Caveats about causality in medical studies linked to more accurate news coverage

Tara Haelle

About Tara Haelle

Tara Haelle (@TaraHaelle) is AHCJ's medical studies core topic leader, guiding journalists through the jargon-filled shorthand of science and research and enabling them to translate the evidence into accurate information.

Photo: Jacob via Flickr

It’s a well-worn mantra: Correlation does not equal causation. But even if we know this, is it always accurately and responsibly reflected in our stories and headlines?

It can be simpler and more elegant to say “Vodka causes sexually transmitted infections” in a headline than “Vodka consumption associated with increased risk of sexually transmitted infections.” (Note: This is not a real headline or based on a real study.) But in this made-up example, it’s laughably obvious that vodka itself does not cause STDs.

A reasonably intelligent reader likely would realize that the first headline actually meant the second one: that drinking a lot of vodka might (by way of increasing the likelihood of intercourse) increase the likelihood of contracting an STD.

But most associations we write about from medical studies aren’t so obvious. Readers may very well interpret a clumsy or irresponsible headline to mean causation when it should emphasize an association. Unless it’s a randomized controlled trial, the vast majority of medical studies cannot show causation — even if the possible mechanism for causation seems obvious and certain.

A recent open-access study in BMC Medicine illustrates the importance of being cautious when assessing and then claiming causality, especially if a journalist is leaning too heavily on press releases. The researchers gathered 312 news releases from nine journals, university and funder press offices and tested two interventions: “(a) aligning the headlines and main causal claims with the underlying evidence (strong for experimental, cautious for correlational) and (b) inserting explicit statements/caveats about inferring causality.”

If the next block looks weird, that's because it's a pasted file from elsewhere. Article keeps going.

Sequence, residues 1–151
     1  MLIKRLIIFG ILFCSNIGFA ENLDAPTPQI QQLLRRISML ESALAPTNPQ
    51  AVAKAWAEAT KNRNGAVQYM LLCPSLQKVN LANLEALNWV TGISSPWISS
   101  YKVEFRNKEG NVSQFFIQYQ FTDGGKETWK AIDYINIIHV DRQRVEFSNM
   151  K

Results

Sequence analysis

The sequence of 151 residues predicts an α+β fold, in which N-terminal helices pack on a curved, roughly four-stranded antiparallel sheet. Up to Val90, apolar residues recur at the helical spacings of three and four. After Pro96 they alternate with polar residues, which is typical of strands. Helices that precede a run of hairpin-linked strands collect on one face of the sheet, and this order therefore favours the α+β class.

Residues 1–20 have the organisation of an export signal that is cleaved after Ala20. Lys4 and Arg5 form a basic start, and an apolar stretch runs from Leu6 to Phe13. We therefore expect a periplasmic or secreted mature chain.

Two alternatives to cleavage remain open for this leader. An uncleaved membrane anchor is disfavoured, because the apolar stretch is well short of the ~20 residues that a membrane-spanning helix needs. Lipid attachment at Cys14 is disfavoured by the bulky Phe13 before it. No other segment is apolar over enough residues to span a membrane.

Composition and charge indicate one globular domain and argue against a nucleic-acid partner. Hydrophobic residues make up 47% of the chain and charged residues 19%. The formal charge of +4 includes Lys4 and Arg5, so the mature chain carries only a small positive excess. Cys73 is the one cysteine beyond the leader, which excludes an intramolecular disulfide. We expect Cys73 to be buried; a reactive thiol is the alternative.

They used alignment with 64 releases, added caveats about causal statements to 79 releases and did both to 80 releases. The remaining 89 were controls not changed in any way. Researchers then examined headlines, causal claims and caveats in 2,257 subsequent newspaper, website and broadcast stories.

The results aren’t necessarily surprising. News headlines were slightly more frequently aligned with the actual evidence when recommendations were made to adjust the press release (56 percent) compared to control releases (52 percent). The effect was greater in an as-treated analysis that considered the final press releases that ultimately distributed (60 percent vs. 32 percent).

Claims in the news stories also were more likely to be aligned to the evidence (67 percent) when final press releases were aligned accurately compared to published control press releases (39 percent). Likewise, 20 percent of news stories contained specific caveats about causality when the press release did, but none of the news stories that were based on control press releases.

Importantly, the researchers did not find that press releases were any less likely to receive media coverage if they included causality caveats or were adjusted to align correctly with the evidence. In other words, a more accurate, responsible press release is just as likely to get attention as less cautious ones.

While the implications of these findings may seem more relevant for press officers writing releases, they also reveal how much press releases influence coverage, suggesting that journalists need to be conscientious about how much they’re relying on press materials about a study.

The authors included one caveat to their observational study:

“Findings from as-treated analysis are correlational and may not imply cause, although here the linking mechanism between press releases and news is known.”

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